$removed += strlen($m[0]) - strlen($part);    
                    }

            }
            return $s;
    }
share|improve this answer

I think you can try with:

<?php
$string = "This is a testtest! hellohellohello and Bye!";

function str_shrink($string, $array){
    $tr = array();
    foreach($array as $el){
        $n = substr_count($string, $el);
        $tr[$el] = $el.'(x'.$n.')';
        $pattern[] = '/('.$el.'\(x'.$n.'\))+/i';
    }
    return preg_replace($pattern, '${1}', strtr($string,$tr));
}

echo $string;
echo '<br/>';
echo str_shrink($string,array('test','hello'));  //This is a test(x2)! hello(x3) and Bye!
?>

I have a second version in order to works with strings:

<?php
$string = "This is a testtest! hellohellohello and Bye!";

function str_shrink($string, $array){
    $tr = array();
    $array = is_array($array) ? $array : array($array);
    foreach($array as $el){
        $sN = 'x'.substr_count($string, $el);
        $tr[$el] = $el.'('.$sN.')';
        $pattern[] = '/('.$el.'\('.$sN.'\))+/i';
    }
    return preg_replace($pattern, '${1}', strtr($string,$tr));
}

echo $string;
echo '<br/>';
echo str_shrink($string,array('test','hello'));  //This is a test(x2)! hello(x3) and Bye!
echo '<br/>';
echo str_shrink($string,'test');  //This is a test(x2)! hellohellohello and Bye!
?>
share|improve this answer
    
Applying a string that contains the needle causes it to fail, see here. This is the same problem I'm having with my second version. – nickb Nov 23 '11 at 18:25

I kept it short:

function str_shrink($haystack, $needles, $match_case = true) {
    if (!is_array($needles)) $needles = array($needles);
    foreach ($needles as $k => $v) $needles[$k] = preg_quote($v, '/');
    $regexp = '/(' . implode('|', $needles) . ')+/' . ($match_case ? '' : 'i');
    return preg_replace_callback($regexp, function($matches) {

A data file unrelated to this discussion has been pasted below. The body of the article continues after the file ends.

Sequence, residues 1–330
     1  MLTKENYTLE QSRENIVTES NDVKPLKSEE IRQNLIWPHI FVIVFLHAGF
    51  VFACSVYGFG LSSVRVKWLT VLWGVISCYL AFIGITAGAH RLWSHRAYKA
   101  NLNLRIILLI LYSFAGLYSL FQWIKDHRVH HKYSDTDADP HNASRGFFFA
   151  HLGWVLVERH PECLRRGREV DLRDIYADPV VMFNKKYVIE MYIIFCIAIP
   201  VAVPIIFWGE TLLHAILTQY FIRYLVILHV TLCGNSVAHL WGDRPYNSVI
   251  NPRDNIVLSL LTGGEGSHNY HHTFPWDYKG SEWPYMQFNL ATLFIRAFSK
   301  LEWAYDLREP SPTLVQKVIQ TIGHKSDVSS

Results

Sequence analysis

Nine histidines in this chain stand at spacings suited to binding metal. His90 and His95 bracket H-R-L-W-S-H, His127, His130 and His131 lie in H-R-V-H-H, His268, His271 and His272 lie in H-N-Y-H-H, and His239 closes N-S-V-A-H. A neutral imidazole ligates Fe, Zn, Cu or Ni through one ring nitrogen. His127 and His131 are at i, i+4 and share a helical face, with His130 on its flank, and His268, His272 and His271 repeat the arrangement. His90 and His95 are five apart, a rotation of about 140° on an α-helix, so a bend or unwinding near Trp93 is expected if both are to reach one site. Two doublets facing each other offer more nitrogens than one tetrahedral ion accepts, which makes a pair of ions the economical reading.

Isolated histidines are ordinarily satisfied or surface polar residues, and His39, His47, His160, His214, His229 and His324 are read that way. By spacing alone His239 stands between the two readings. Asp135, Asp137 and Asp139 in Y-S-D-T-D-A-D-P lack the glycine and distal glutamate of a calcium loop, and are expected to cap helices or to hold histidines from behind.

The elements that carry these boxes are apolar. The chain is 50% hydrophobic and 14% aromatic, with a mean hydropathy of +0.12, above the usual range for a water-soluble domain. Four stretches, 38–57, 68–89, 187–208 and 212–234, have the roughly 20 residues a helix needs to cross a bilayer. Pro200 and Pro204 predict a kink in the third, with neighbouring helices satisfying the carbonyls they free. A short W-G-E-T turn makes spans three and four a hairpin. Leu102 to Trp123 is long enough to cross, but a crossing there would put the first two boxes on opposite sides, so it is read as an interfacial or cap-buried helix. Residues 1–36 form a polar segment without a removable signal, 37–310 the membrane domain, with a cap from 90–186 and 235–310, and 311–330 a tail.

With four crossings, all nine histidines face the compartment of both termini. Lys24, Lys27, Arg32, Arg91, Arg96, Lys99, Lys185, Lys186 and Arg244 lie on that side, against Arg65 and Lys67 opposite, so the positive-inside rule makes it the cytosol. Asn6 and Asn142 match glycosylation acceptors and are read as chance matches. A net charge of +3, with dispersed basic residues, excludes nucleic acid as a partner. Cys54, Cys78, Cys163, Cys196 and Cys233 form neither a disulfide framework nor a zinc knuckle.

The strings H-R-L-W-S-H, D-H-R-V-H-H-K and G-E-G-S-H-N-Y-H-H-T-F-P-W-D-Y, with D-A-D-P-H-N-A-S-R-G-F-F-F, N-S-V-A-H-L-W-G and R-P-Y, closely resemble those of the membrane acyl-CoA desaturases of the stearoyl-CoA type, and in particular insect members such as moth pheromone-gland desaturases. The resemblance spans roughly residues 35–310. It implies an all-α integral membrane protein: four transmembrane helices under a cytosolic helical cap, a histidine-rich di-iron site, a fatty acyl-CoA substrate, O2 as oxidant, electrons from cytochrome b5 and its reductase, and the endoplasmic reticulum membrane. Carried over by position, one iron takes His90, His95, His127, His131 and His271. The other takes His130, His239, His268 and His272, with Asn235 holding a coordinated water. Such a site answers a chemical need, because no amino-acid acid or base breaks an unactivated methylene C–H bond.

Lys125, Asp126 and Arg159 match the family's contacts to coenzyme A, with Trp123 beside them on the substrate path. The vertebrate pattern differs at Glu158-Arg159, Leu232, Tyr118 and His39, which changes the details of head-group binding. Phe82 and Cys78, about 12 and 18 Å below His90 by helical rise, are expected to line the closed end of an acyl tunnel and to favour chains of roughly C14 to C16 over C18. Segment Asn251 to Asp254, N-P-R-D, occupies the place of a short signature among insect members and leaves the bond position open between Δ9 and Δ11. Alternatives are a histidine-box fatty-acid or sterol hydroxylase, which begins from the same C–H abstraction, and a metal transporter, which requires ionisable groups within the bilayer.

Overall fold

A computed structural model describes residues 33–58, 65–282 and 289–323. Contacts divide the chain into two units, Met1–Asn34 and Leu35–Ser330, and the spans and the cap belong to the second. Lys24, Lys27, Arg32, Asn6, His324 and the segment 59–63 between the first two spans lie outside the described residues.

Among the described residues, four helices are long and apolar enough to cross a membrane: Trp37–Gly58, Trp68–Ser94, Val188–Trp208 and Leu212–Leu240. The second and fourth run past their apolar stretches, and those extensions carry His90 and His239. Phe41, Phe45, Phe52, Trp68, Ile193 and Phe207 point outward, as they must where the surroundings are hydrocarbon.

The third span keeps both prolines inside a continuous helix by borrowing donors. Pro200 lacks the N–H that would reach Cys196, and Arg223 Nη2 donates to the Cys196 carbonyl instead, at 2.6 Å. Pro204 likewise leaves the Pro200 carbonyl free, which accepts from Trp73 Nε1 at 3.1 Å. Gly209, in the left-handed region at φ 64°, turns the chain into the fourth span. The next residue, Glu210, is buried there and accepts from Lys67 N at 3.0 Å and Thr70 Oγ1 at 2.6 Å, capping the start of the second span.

return $matches[1] . '(x' . (strlen($matches[0]) / strlen($matches[1])) . ')';
    }, $haystack);
}

The behavior of cases like str_shrink("aaa", array("a", "a(x3)")) is it returns "a(x3)", which I thought was more likely intended if you're specifying an array. For the other behavior, giving a result of "a(x3)(x1)", call the function with each needle individually.

If you don't want multiples of one to get "(x1)" change:

        return $matches[1] . '(x' . (strlen($matches[0]) / strlen($matches[1])) . ')';

to:

        $multiple = strlen($matches[0]) / strlen($matches[1]);
        return $matches[1] . (($multiple > 1) ? '(x' . $multiple . ')' : '');
share|improve this answer
    
Appending a string that contains the needle causes it to fail, see here. – nickb Nov 23 '11 at 18:32
    
@nickb: Huh? Because of "test(x1)ing"? That's not a fail. OP didn't specify he wanted it on word boundaries or something, though it would be simple to change it to $regexp = '/\b(' . implode('|', $needles) . ')+\b/' . ($match_case ? '' : 'i'); if that's the matching criteria that's wanted instead. I already said how to disable or enable the "(x1)". – Boann Nov 23 '11 at 18:43
    
Word boundaries are irrelevant for the problem statement - testing contains one of the needles, but that needle is not a repetition, and should therefore remain untouched. – nickb Nov 23 '11 at 22:31
    
@nickb: >not a repetition. Can't you read? OP did not specify which behavior was preferred, so I wrote code for both. – Boann Nov 24 '11 at 3:32
    
Wow. OK, let's try it this way. The first behavior (i.e. the one my demo shows) MAKES NO SENSE, as test is the repeated word, not testing. For test to be identified, the string testtest must be found somewhere in the input. Otherwise, ANY other string that contains test ISN'T a repetition of the word test, and should be LEFT ALONE. Maybe that makes sense. If not, you must not be able to read the OP. – nickb Nov 24 '11 at 6:41